Allan Lichtman, distinguished professor of history at American University, joins Yahoo Finance Live to discuss Donald Trump’s arraignment, how the Republican Party will respond to these charges, and the outlook for presidential elections.
- All right. Well, as we mentioned there, Donald Trump is expected to surrender to authorities in Manhattan later today. The first ever charges against a former American President are now expected to weigh on the country and, more specifically, the 2024 presidential race.
Here to weigh in is distinguished professor at American University's Department of History Allan Lichtman. Thank you so much for joining me this morning, Allan. Obviously unprecedented times that we're in at the moment. Talk about what's going to happen in the next few hours and how important it is in terms of how the Republican Party responds right now?
ALLAN LICHTMAN: It's extremely important. I'm going to read you a quote to put this all in perspective. Quote, "We cannot have one law for the ruler and another for the ruled. If that understanding is lost, the American democratic experiment and the freedom it guarantees is in jeopardy." Pretty strong statement that there should be no special treatment for a president or a former president.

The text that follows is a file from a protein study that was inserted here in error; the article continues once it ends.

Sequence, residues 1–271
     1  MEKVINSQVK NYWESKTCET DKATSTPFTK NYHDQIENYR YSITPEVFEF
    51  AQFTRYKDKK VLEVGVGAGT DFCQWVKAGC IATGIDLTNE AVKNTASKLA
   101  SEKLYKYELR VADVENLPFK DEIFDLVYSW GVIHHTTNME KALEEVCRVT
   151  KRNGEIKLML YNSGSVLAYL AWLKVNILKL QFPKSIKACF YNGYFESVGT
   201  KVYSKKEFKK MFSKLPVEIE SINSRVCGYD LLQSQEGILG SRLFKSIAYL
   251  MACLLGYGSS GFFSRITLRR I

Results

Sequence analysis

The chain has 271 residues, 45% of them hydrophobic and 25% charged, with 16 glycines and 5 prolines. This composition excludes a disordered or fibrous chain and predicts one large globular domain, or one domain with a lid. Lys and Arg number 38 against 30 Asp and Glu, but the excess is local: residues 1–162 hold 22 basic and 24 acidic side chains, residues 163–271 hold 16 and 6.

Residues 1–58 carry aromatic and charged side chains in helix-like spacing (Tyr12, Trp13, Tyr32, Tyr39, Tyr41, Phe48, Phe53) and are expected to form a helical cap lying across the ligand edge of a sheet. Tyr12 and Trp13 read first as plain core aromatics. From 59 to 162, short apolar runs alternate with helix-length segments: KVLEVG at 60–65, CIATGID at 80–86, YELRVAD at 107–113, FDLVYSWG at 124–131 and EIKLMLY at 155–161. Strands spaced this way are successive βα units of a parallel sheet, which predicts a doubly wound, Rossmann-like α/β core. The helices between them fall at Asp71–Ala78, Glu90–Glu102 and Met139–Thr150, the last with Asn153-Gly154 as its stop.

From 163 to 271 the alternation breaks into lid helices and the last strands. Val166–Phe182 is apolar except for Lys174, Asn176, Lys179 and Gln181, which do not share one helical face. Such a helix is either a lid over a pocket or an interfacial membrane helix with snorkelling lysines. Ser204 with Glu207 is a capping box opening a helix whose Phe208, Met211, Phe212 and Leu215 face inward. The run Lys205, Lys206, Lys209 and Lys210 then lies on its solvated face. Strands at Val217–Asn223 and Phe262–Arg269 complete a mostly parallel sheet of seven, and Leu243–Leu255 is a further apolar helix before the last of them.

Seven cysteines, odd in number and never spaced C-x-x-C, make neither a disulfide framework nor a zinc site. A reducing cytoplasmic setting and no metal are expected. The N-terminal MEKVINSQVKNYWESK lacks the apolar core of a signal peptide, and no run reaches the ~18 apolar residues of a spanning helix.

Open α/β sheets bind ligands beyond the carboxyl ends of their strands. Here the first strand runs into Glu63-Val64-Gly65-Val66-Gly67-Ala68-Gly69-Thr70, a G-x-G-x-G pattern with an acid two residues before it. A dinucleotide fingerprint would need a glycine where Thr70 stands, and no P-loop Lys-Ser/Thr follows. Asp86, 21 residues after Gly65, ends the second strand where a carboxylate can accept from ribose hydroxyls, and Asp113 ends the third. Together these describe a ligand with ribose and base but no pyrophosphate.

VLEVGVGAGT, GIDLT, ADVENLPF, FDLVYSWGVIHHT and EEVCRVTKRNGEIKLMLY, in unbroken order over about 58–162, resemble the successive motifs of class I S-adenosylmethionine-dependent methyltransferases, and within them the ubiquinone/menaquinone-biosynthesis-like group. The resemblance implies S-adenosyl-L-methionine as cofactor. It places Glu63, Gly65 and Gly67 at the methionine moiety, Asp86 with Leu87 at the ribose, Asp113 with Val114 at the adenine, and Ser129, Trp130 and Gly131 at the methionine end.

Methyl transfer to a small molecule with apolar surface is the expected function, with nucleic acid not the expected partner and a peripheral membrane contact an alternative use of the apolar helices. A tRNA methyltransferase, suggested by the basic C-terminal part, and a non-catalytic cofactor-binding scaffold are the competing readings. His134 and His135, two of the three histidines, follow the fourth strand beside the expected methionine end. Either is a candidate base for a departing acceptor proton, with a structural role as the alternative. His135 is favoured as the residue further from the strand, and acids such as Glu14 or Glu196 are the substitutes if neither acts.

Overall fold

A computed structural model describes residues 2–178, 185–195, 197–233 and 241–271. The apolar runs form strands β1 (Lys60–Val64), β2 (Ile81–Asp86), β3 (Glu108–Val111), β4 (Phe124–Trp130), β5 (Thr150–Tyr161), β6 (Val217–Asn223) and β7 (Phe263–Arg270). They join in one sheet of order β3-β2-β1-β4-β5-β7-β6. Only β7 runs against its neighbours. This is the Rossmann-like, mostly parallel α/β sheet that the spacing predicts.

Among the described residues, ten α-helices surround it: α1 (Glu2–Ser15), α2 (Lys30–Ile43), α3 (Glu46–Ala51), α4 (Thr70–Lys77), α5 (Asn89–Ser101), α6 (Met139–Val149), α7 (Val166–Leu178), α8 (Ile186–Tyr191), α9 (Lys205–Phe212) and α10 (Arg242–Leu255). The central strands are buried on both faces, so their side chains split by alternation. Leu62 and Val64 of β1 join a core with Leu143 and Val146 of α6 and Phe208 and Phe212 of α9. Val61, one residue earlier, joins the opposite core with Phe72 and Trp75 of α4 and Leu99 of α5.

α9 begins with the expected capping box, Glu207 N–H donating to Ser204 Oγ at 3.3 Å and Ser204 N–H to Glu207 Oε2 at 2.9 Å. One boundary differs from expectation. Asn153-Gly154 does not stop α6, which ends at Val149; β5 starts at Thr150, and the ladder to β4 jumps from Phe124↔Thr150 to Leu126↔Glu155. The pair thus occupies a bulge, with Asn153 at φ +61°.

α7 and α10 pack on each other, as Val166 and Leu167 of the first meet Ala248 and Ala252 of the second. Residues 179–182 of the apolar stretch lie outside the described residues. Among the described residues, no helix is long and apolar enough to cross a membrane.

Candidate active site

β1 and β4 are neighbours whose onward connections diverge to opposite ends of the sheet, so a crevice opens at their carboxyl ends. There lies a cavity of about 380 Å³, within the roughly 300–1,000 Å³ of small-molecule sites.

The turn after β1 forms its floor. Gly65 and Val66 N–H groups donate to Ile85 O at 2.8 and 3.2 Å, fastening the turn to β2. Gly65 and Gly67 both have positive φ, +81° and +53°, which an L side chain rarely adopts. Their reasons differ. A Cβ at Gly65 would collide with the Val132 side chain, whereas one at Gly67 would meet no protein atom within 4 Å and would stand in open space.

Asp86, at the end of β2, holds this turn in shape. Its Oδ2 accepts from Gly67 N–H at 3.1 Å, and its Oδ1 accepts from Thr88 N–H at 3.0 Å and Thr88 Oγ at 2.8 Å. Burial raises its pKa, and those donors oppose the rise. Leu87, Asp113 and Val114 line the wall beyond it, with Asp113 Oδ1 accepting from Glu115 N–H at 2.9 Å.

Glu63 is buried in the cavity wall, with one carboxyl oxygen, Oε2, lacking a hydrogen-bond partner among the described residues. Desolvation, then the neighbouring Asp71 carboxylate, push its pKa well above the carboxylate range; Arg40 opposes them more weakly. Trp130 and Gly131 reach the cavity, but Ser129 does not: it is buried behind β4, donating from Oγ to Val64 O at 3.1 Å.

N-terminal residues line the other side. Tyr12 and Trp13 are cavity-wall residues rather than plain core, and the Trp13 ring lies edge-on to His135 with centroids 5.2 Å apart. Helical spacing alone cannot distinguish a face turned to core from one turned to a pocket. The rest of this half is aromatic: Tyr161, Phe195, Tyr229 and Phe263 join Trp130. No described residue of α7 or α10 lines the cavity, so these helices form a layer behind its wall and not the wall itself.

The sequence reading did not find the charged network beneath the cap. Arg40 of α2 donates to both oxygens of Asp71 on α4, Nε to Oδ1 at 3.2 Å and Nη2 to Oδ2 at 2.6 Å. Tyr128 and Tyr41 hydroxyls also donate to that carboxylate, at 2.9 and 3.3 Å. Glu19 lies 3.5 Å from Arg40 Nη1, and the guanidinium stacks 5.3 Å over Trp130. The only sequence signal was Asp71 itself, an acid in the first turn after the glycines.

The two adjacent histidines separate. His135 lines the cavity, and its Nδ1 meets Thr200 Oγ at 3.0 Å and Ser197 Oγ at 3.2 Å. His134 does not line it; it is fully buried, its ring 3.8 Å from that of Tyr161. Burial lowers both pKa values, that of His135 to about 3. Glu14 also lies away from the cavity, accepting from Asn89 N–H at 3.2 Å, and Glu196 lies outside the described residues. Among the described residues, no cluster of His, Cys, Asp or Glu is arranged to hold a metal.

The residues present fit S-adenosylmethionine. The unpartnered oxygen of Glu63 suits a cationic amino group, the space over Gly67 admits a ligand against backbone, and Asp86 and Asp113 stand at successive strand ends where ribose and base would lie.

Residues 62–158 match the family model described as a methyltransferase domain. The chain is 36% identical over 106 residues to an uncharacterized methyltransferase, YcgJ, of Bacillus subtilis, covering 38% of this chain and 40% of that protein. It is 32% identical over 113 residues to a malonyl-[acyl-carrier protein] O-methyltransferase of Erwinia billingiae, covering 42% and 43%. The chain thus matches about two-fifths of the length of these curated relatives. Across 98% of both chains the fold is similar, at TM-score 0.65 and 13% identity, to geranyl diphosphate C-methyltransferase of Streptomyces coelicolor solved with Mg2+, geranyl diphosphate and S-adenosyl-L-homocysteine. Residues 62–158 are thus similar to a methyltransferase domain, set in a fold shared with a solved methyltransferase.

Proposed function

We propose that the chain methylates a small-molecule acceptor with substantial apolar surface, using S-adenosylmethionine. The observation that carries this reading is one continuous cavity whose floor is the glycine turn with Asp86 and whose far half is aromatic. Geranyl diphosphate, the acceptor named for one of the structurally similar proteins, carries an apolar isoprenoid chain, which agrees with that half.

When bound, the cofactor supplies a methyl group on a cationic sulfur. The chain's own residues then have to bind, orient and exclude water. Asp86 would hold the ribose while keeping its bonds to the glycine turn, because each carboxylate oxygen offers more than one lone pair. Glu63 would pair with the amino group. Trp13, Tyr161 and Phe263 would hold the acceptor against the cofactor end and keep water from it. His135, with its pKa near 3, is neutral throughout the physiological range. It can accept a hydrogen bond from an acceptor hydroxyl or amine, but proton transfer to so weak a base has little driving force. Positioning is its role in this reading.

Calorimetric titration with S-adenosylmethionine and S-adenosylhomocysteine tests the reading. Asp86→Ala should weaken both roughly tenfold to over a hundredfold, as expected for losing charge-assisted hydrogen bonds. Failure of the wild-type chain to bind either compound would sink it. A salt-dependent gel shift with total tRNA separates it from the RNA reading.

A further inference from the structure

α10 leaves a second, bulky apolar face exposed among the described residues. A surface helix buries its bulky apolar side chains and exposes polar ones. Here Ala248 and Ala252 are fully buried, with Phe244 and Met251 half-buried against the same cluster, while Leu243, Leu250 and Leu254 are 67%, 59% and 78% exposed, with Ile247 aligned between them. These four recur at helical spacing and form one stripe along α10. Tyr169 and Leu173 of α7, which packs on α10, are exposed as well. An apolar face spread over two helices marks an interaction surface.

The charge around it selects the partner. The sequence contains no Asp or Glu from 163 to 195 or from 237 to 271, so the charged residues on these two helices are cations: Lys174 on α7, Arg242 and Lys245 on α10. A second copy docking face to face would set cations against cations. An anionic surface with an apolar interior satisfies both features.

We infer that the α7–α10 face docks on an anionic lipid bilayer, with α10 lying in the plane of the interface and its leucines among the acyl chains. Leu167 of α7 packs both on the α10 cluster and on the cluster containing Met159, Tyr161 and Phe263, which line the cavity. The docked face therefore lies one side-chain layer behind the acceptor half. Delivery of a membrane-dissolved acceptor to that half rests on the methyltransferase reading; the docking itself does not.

You may think that's some Democrat attacking Republicans today. It is not. It is a quotation from US Representative Henry Hyde back in the 1990s referring to crimes, allegations against then-President Bill Clinton. And now Republicans have pivoted 180 degrees and somehow suggested that because Donald Trump is a former President that he is entitled to special privilege.
And the truth is Donald Trump can huff and he can puff, but he's not going to blow the courthouse down. These charges-- and I agree with Rick, they may be far more serious than even mainstream commentators have indicated-- are going to rise and fall on the strength of the evidence, not on Donald Trump's bluster.